Affordable lowracer

Discussion in 'Recumbent bicycles' started by Old Wizard, Feb 14, 2003.

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  1. Old Wizard

    Old Wizard Guest

    My son and I have seen various lowracers on the web and he naturally thinks they would be a
    thrill to ride. Unfortunately, my disposable income is insufficient to cover the price we've seen
    listed. We have confined ourselves to the entry level models on most of the bikes that we ride:
    road, mountain, and recumbents. Is there an affordable entry level model or is that wishful
    thinking? Thanks.
     
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  2. B. Sanders

    B. Sanders Guest

    "Old Wizard" <[email protected]> wrote in message news:[email protected]...
    > My son and I have seen various lowracers on the web and he naturally
    thinks
    > they would be a thrill to ride. Unfortunately, my disposable income is insufficient to cover the
    > price we've seen listed. We have confined ourselves to the entry level models on most of the bikes
    > that we ride:
    road,
    > mountain, and recumbents. Is there an affordable entry level model or is that wishful thinking?

    There is a way to obtain a lowracer for under $300: Build it yourself. Have a look at my design for
    an Optima Baron lookalike that uses discarded BMX and mt bike wheels and 2" steel exhaust pipe.

    http://www.bsanders.net/SpeedRacer6.2.gif

    And here's an earlier version that uses the rear triangle from a dept. store suspended
    mountain bike:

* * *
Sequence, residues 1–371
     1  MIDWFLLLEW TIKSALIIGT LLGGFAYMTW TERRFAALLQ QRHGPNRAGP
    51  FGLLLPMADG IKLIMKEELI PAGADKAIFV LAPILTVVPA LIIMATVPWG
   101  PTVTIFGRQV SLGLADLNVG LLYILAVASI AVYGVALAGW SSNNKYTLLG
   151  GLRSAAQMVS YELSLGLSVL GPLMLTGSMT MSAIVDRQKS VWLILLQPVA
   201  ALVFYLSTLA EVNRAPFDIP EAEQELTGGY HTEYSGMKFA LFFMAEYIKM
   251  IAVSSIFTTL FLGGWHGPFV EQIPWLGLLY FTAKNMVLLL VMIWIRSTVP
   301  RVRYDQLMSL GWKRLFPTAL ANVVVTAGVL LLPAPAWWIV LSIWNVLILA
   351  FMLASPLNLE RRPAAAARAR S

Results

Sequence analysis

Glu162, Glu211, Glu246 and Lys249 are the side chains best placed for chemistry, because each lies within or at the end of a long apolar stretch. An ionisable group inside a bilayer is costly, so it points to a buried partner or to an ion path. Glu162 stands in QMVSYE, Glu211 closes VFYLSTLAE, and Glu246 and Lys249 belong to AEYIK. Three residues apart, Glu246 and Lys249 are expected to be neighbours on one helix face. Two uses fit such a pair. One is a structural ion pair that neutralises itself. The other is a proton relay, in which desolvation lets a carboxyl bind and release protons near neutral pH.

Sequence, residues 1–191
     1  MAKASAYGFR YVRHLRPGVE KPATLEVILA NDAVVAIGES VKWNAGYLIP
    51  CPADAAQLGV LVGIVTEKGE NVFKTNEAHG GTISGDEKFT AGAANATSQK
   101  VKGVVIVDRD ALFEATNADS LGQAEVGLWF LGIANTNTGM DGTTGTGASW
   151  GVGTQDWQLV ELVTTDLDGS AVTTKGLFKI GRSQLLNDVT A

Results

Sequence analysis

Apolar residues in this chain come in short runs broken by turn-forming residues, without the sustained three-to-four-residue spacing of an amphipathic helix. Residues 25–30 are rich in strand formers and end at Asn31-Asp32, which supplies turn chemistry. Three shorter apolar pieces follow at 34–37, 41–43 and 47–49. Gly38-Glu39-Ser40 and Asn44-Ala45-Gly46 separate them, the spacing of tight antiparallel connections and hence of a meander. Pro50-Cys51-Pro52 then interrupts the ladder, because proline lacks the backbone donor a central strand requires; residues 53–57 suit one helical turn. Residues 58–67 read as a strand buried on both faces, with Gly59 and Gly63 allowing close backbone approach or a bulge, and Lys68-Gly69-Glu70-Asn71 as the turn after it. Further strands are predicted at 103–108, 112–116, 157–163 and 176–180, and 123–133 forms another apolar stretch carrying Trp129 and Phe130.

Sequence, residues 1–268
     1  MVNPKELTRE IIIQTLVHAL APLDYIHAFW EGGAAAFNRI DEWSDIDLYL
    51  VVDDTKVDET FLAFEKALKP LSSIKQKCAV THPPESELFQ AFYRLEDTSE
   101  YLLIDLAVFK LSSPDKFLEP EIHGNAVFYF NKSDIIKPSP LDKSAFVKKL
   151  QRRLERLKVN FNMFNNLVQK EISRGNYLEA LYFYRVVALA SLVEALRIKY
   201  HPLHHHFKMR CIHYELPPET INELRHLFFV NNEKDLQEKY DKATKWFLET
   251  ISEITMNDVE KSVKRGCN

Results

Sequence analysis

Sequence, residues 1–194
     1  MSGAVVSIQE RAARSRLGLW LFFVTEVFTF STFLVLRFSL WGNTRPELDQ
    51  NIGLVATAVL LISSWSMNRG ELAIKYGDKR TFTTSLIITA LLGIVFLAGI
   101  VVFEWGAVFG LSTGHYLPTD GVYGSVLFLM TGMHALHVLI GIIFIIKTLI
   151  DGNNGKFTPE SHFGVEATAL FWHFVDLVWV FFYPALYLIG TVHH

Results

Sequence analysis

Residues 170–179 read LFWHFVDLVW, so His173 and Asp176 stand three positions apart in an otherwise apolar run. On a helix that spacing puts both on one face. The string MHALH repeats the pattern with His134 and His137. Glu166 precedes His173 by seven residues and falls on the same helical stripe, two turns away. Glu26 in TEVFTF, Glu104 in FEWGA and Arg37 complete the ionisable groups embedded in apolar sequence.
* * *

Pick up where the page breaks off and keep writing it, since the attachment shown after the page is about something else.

http://www.bsanders.net/SpeedRacer.jpg

    All of the components can be from discarded bikes, which can also donate BB shell, steel tubing,
    headtube, etc. The seat can be fabricated using nylon mesh lashed to a frame of electrical conduit,
    or you can buy a pre-fabricated Euro-style fiberglass seat for $135 from PowerOn Cycling at
    http://www.poweroncycling.com PowerOn also sells the RANS Flip-it steerer assembly to make steering
    fabrication much easier. The fork is just a cut-down MTB fork.

    I figured I could probably get a skilled welder to weld-up such a frame for about $75 to $100 or so.
    A local muffler shop quoted me $25 for the steel tubing, bent to my specifications.

    I'm hoping to get started building one of these cheap lowracers very soon, and will post my progress
    reports on this group. Maybe I should start building a bunch of them and sell them on this
    newsgroup. There does seem to be a demand. I know I backed away from the $1,300 to $1,800 that it
    would cost to buy a frameset. Yikes! Figured I could build 5 entire lowracers for that much money!

    There are a lot of homebuilder resources out there. Start at http://www.ihpva.org/

    Let us know what you end up doing.

    Barry
     
  3. "Old Wizard" <[email protected]> skrev i en meddelelse news:[email protected]...
    > My son and I have seen various lowracers on the web and he naturally thinks they would be a thrill
    > to ride. Unfortunately, my disposable income is insufficient to cover the price we've seen listed.
    > We have confined ourselves to the entry level models on most of the bikes that we ride: road,
    > mountain, and recumbents. Is there an affordable entry level model or is that wishful thinking?

    The Zephyr is probably the cheapest full kit around. I don't know if 1190 euro plus shipping is
    still too expensive.

    http://www.ligfiets.net/zephyr/home.php?pagina=lageracer&links=lageracerlinks

    Mikael
     
  4. Interesting...I'd favor the Rear Suspension version and go with Mechanical Alum. Disc Brakes fore &
    aft (if) you wanted to flog these bents via a limited production run. Sell in Kit form and have the
    option that the buyer can arrange their own Powder Coating (saves U the cost). As for the Swanson